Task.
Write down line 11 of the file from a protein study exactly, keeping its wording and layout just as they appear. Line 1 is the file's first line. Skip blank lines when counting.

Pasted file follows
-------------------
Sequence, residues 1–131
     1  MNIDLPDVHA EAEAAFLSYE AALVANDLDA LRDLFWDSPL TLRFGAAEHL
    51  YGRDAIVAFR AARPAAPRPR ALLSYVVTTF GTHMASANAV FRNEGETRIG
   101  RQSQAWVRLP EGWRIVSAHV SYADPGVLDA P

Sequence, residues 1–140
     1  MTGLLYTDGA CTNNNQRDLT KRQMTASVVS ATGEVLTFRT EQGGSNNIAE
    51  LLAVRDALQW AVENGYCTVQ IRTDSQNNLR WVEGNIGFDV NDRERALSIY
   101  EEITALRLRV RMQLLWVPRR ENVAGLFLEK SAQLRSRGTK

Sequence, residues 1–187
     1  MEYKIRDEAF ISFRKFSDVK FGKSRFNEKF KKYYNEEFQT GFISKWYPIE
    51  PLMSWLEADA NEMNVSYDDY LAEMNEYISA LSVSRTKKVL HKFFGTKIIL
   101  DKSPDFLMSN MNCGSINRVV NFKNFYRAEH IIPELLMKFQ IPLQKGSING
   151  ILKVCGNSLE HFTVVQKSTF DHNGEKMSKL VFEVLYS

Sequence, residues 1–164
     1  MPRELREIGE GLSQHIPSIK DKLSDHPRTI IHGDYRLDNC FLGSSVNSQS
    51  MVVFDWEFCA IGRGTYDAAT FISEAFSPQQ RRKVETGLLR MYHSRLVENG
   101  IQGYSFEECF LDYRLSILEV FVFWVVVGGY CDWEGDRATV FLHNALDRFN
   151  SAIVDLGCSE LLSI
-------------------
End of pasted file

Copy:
    51  PLMSWLEADA NEMNVSYDDY LAEMNEYISA LSVSRTKKVL HKFFGTKIIL